I am delighted to announce the appointment of Professor Gerard Stansby as research lead for the NHS Abdominal Aortic Aneurysm (AAA) Screening Programme.
Gerry qualified from Cambridge University and Addenbrooke’s Hospital in 1982. In January 2000, he obtained his current position of Professor of Vascular Surgery at the University of Newcastle and the Freeman Hospital, and he has been director of the local North East AAA Screening Programme since its inception.
Gerry succeeds his former colleague Tim Lees as our research lead and will take charge of his first research committee meeting in April.
Gerry said of his appointment:
I am enormously pleased and privileged to have become chair of the NHS AAA Screening Programme Research Committee. As a vascular surgeon I am only too aware of how terrible a thing a ruptured abdominal aortic aneurysm is and the need for screening. What a tragedy – healthy men have their lives suddenly taken away from them by a treatable condition that they didn't even know they had.
My route into an interest in AAA screening was from a clinical background but I am also an academic vascular surgeon. For the last 8 years I have been the clinical lead for the North East England AAA Screening Programme and research lead for vascular surgery in the North East. The role of national research lead enables me to bring expertise from these different areas together. It is always important that clinical practice in the NHS is evidence-based whenever possible.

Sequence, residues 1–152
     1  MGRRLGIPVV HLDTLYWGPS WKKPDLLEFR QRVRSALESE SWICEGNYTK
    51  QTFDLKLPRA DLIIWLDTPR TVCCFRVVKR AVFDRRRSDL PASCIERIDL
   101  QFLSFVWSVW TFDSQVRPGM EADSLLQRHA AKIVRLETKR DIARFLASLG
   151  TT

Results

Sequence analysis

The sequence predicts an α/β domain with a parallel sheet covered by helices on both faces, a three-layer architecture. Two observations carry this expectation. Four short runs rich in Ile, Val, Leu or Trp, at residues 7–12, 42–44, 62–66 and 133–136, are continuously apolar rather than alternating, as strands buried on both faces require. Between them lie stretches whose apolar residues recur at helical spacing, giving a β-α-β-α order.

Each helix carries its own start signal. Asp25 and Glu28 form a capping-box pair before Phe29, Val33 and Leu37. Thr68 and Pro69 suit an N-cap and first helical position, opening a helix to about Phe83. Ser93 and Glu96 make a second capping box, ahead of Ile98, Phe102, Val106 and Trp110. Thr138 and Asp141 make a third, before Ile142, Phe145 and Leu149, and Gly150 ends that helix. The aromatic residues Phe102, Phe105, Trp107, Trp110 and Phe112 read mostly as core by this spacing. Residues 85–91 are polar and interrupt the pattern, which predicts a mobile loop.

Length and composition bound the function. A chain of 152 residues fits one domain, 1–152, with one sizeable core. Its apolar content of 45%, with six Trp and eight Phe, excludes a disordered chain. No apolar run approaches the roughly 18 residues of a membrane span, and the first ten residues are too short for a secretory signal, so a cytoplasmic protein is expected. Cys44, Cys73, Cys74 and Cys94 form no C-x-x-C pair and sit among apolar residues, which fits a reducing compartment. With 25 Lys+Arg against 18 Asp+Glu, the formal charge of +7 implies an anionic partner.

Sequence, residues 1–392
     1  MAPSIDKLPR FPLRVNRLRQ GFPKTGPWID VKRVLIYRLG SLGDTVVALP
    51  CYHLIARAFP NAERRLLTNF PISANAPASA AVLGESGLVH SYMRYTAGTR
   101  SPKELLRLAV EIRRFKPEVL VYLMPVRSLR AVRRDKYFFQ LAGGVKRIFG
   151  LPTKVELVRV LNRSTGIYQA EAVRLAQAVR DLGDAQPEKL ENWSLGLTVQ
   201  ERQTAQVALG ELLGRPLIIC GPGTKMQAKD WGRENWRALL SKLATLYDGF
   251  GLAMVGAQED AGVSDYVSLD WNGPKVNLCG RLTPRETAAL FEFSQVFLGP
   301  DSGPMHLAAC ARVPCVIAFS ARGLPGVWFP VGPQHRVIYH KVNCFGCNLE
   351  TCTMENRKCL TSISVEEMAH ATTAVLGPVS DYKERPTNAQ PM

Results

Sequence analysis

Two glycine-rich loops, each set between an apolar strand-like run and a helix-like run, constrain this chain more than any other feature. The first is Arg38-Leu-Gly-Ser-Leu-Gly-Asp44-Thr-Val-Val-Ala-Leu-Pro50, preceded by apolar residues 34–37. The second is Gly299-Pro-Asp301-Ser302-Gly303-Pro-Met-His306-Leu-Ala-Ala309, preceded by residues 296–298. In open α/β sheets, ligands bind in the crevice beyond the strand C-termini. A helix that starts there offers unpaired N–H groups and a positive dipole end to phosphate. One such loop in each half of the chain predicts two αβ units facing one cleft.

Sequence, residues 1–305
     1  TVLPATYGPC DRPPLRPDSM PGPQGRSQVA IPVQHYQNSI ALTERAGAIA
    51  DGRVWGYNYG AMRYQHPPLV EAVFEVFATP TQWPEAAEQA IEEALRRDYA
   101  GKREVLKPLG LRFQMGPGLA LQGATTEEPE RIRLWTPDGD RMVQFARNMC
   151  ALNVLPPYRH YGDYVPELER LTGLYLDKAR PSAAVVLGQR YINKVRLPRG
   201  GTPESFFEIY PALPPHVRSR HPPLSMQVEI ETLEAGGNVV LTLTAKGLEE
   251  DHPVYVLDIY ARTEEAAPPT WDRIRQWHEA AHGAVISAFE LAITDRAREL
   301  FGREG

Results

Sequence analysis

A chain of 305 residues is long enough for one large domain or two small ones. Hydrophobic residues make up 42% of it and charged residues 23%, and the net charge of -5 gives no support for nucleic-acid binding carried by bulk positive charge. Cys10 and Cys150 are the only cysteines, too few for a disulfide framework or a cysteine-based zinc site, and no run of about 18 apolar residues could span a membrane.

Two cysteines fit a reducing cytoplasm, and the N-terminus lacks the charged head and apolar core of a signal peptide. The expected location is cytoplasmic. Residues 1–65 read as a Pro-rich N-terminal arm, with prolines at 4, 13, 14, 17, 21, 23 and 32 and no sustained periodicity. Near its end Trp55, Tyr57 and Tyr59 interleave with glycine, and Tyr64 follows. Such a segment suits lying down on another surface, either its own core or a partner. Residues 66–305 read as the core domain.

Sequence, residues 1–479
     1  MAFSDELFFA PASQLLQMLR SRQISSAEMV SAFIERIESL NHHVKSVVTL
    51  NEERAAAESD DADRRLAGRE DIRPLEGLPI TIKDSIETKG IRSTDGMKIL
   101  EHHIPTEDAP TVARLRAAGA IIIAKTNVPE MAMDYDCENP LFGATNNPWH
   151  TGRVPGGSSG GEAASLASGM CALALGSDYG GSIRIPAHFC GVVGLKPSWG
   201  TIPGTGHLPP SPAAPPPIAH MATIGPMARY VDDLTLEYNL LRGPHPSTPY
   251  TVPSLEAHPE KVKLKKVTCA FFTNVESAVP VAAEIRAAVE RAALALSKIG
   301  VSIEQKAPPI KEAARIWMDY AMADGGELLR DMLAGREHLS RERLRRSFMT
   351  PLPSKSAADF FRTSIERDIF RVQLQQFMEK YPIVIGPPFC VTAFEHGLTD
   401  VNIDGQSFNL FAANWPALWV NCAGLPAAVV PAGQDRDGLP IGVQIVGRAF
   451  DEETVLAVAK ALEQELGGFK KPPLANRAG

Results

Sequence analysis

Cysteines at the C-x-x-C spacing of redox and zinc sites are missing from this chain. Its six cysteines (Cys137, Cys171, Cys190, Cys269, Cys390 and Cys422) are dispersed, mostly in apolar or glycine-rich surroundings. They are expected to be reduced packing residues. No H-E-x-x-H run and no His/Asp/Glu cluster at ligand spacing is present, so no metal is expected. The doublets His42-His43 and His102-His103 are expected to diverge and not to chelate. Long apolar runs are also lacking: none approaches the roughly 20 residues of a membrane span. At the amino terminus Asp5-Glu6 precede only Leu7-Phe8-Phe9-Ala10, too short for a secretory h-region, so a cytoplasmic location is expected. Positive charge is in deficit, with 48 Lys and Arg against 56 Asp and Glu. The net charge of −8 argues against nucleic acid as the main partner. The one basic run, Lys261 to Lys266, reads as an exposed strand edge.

I hope to lead the committee not just to process and aid applicants with their own research ideas but also to identify and promote important topics for research and to encourage new researchers into this area. Priority topics will undoubtedly include how we can reach those from minority groups or deprived areas more effectively. As well as issues that are generic for all screening programmes, AAA screening has some unique aspects, one being the ever-increasing number of men in surveillance. The cardiovascular health of these men – and how to improve it – is a relatively understudied area that also needs addressing.
Of course effective research also requires funding, which can be hard to come by. I hope the research committee may be able to influence funders to regard aneurysm screening as a priority area and to alert the aneurysm screening researchers to appropriate opportunities to apply for funding. Additionally, there may be opportunities to link with other groups within screening and the wider NHS trying to address the issues of inequalities and cardiovascular health. Finally, I would genuinely welcome any suggestions as to how the committee might be more effective or address new areas going forwards.
I hope you will join me in welcoming Gerry to the national team and supporting him in this important role.